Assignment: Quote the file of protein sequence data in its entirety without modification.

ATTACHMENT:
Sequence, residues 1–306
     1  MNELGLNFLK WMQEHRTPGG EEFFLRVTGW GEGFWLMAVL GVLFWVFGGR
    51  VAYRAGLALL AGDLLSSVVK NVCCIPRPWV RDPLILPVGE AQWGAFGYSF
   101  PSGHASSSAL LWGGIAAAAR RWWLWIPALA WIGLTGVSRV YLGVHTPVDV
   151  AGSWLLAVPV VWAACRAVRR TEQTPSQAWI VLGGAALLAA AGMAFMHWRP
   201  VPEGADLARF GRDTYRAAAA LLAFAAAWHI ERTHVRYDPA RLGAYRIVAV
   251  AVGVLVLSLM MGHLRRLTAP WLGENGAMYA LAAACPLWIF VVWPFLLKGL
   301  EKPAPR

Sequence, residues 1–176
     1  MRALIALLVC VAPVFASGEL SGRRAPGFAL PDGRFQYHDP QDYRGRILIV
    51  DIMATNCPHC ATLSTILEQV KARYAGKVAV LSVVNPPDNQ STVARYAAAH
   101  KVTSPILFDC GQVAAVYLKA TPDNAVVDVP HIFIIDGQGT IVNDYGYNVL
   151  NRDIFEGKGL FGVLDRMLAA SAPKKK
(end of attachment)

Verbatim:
Sequence, residues 1–306
     1  MNELGLNFLK WMQEHRTPGG EEFFLRVTGW GEGFWLMAVL GVLFWVFGGR
    51  VAYRAGLALL AGDLLSSVVK NVCCIPRPWV RDPLILPVGE AQWGAFGYSF
   101  PSGHASSSAL LWGGIAAAAR RWWLWIPALA WIGLTGVSRV YLGVHTPVDV
   151  AGSWLLAVPV VWAACRAVRR TEQTPSQAWI VLGGAALLAA AGMAFMHWRP
   201  VPEGADLARF GRDTYRAAAA LLAFAAAWHI ERTHVRYDPA RLGAYRIVAV
   251  AVGVLVLSLM MGHLRRLTAP WLGENGAMYA LAAACPLWIF VVWPFLLKGL
   301  EKPAPR

Sequence, residues 1–176
     1  MRALIALLVC VAPVFASGEL SGRRAPGFAL PDGRFQYHDP QDYRGRILIV
    51  DIMATNCPHC ATLSTILEQV KARYAGKVAV LSVVNPPDNQ STVARYAAAH
   101  KVTSPILFDC GQVAAVYLKA TPDNAVVDVP HIFIIDGQGT IVNDYGYNVL
   151  NRDIFEGKGL FGVLDRMLAA SAPKKK